Although the secondary progressive multiple sclerosis space is filling up with new compounds, few have shown the ability to remyelinate neurons. A new study suggests that an ancient Parkinson's disease drug-benztropine-could accomplish that task in secondary progressive multiple sclerosis, although it might require reformulation to improve activity and specificity.1

There are multiple immunomodulatory therapies on the market that stop or slow the autoimmune attack on neurons by myelin-specific
T cells in relapsing-remitting MS (RRMS). Nevertheless, within 20 years of diagnosis, the vast majority of patients will progress to secondary progressive MS (SPMS). At that point, available immunomodulatory agents are no longer able to prevent further neuronal degeneration.

The only drug on the market for SPMS is mitoxantrone, a generic chemotherapeutic that carries a boxed warning about potential cardiotoxicity.

The SPMS pipeline includes seven compounds in clinical development. A few compounds, including the antibodies BIIB033 and HIgM22, potentially can remyelinate axons and thus reverse the course of the disease.

BIIB033, from Biogen Idec Inc., targets leucine-rich repeat neuronal protein 1 (LINGO-1) and is in Phase II testing. HIgM22, a remyelinating antibody from Acorda Therapeutics Inc., is in Phase I testing.

Now, a group of researchers from The Scripps Research Institute and the California Institute for Biomedical Research (Calibr) have developed a screen for small molecules that can accomplish remyelination.

Specifically, the screen identifies compounds that promote the differentiation of oligodendrocyte precursor cells (OPCs) into myelin-promoting mature oligodendrocytes. In MS, the differentiation process is impaired.2,3

The team was led by Peter Schultz, a professor of chemistry at Scripps and founding director of Calibr; Luke Lairson, an assistant professor at Scripps and a principal investigator at Calibr; and Brian Lawson, an assistant professor of immunology at Scripps. The team also included researchers from the Salk Institute for Biological Sciences and Hokkaido University.

The group screened about 100,000 small molecules in rat OPCs using an imaging assay that detects expression of myelin basic protein (MBP). MBP expression indicates that the OPCs have differentiated into mature oligodendrocytes.

From the screen's hits, the team selected benztropine for additional studies because it is approved for PD, is orally bioavailable and crosses the blood brain barrier.

In coculture of mouse or rat OPCs with mouse neurons, benztropine induced OPC differentiation and axon remyelination by increasing the number of myelinating oligodendrocytes.

Benztropine functions through multiple mechanisms including acting as an anticholinergic and antihistamine and inhibiting dopamine reuptake. The group blocked each mechanism to determine which one was responsible for OPC differentiation.

They found that a muscarinic acetylcholine receptor agonist, but not nicotinic acetylcholine, histamine or dopamine agonists, blocked the OPC-differentiating effect of benztropine.

Muscarinic receptor antagonists induced OPC differentiation in cultures, thus suggesting that the muscarinic antagonist effect of benztropine, specifically M1 and M3 antagonism, is responsible for OPC differentiation.

In a mouse model of experimental autoimmune encephalomyelitis (EAE), intraperitoneal injection of 10 mg/kg a day of benztropine decreased clinical severity compared with vehicle control injection and prevented the disease relapse phase. Benztropine also decreased disease severity comparably to or better than the marketed MS immunosuppressants Avonex IFN-b-1a and Gilenya fingolimod (FTY720).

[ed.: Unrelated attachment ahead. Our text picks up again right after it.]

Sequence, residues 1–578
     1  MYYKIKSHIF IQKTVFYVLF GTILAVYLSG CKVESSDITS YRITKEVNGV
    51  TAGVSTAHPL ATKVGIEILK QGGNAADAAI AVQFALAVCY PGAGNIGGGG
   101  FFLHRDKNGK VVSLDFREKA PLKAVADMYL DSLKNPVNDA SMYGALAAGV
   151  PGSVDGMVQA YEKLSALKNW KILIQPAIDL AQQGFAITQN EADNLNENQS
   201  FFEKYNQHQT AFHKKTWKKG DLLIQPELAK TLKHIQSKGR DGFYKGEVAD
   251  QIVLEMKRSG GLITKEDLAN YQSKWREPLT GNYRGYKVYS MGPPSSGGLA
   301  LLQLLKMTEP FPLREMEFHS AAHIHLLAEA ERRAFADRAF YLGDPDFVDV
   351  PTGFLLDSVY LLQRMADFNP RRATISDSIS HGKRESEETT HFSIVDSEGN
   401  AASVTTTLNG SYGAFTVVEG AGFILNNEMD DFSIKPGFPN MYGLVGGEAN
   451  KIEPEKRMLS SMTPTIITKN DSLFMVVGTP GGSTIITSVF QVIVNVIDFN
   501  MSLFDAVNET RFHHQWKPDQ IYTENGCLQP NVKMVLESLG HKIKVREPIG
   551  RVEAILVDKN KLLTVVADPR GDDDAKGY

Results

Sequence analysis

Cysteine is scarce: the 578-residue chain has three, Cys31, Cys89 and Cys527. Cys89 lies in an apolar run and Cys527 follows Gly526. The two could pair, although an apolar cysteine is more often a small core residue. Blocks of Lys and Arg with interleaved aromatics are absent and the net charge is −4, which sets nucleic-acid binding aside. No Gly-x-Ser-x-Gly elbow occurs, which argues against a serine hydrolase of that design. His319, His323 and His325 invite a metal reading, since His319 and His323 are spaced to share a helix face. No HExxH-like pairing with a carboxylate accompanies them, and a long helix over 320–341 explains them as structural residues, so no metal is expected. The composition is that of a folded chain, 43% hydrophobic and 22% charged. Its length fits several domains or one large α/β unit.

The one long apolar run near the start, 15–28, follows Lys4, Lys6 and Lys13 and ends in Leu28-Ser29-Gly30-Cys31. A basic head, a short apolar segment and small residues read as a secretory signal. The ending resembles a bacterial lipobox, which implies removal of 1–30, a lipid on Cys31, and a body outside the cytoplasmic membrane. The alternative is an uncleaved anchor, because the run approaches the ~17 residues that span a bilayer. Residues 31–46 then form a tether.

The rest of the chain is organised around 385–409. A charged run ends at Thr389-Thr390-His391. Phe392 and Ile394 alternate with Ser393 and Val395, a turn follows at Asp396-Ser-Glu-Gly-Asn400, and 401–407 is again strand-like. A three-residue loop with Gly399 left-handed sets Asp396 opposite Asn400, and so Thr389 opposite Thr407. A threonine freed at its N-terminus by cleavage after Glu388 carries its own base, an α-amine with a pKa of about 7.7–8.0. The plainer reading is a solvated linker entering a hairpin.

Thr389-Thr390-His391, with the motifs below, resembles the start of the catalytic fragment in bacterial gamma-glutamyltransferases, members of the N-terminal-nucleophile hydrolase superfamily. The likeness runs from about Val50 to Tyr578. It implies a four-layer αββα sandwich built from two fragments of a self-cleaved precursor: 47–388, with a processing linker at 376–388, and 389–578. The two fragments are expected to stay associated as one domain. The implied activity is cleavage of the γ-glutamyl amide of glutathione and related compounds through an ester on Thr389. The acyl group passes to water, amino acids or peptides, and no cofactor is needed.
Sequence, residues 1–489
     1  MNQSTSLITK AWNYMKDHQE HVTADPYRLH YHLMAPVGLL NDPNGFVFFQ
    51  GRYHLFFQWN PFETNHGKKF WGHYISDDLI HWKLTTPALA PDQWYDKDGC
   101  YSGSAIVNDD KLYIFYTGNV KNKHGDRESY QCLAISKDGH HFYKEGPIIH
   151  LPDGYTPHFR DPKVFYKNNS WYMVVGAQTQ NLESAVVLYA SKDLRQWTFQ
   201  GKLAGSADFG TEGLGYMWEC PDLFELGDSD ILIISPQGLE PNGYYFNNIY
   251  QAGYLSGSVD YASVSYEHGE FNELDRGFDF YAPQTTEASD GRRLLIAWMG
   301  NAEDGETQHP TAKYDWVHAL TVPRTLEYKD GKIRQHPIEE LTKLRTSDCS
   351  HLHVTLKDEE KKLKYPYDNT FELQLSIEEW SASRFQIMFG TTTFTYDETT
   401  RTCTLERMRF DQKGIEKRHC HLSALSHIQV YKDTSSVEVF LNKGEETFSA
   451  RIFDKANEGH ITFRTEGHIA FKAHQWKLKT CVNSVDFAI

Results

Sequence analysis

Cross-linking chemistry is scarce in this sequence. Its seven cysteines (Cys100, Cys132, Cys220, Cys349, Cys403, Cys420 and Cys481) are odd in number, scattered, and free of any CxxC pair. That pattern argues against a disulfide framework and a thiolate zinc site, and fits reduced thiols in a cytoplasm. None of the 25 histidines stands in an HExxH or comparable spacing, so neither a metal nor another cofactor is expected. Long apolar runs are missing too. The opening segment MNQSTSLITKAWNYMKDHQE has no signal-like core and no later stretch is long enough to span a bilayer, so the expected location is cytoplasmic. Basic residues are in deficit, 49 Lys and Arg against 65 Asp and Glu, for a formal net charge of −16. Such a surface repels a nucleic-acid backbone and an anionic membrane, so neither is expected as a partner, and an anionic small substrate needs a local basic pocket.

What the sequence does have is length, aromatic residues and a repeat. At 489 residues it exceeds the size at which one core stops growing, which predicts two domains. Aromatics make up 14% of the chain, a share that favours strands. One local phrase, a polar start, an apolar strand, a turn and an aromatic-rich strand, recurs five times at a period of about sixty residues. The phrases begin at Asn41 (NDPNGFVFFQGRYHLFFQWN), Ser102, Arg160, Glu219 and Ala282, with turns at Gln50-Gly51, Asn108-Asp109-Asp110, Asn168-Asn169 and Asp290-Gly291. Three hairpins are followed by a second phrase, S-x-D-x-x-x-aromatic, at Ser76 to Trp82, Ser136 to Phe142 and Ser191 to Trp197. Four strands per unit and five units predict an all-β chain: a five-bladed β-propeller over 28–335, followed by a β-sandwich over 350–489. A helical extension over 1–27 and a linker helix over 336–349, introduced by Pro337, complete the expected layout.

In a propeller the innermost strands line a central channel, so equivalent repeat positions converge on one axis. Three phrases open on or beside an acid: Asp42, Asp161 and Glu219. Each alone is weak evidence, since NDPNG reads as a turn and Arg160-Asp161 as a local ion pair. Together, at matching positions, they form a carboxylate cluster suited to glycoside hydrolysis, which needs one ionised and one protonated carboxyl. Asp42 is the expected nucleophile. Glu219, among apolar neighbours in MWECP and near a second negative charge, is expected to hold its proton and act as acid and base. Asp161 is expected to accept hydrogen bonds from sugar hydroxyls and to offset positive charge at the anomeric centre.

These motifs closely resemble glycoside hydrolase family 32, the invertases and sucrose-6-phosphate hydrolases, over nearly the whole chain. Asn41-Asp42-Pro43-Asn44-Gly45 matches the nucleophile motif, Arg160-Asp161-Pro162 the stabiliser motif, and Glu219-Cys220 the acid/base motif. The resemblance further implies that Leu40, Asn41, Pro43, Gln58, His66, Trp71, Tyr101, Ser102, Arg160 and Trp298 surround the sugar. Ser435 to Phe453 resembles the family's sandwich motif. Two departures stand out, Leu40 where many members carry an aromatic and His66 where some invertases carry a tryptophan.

Biogen Idec markets Avonex IFN-b-1a and Bayer AG markets Betaseron IFN-b-1b to treat RRMS. Novartis AG and Mitsubishi Tanabe Pharma Corp. market Gilenya, a sphingosine 1-phosphate receptor antagonist, to treat RRMS.

In spinal cords from EAE mice that received prophylactic benztropine, immune cell infiltration and demyelination were the same as those in vehicle-treated mice. However, the number of mature oligodendrocytes increased in the mice given benztropine. These findings suggest that benztropine induced remyelination without altering the immune response.

In a mouse model of cuprizone-induced, T cell-independent demyelination, 10 mg/kg per day of benztropine accelerated remyelination following cuprizone withdrawal, whereas vehicle had no effect.

Finally, the team tested the effects of benztropine in combination with immunosuppressive MS therapeutics. In EAE mice, 2.5 mg/kg of benztropine plus 1 mg/kg of Gilenya was better than Gilenya alone in multiple measures of disease and comparable to Gilenya monotherapy in others.

Also, 2.5 mg/kg of benztropine plus a 0.1 mg/kg dose of Gilenya produced decreases in disease severity that were comparable to 1 mg/kg of Gilenya alone.

The results were published in Nature.

Complementary remyelination

Lairson told SciBX that his team is working on pharmacokinetic tissue-distribution studies. "Upon completion of these studies we plan to meet with a clinical consultant to determine our best course," said Lairson.

He said that could include studies of benztropine in MS either alone or in combination with immunosuppressive therapy.

"Benztropine seems to have little or no impact on the immune system but rather seems to drive differentiation of the precursors of myelin cells to actual myelinating cells, stimulating myelin production," said Mike Gresser, CSO of the Myelin Repair Foundation.

"This approach represents a much-needed addition to MS therapeutics," added Spyros Deftereos, SVP of drug discovery at Biovista Inc. "It is important to treat the neurological deficits when patients relapse, and in addition to dampening the neuron-damaging immune response in these patients, we need a way of restoring the myelin to repair the damage. We need immune modulators, neuroprotectants and remyelinating agents to all work together."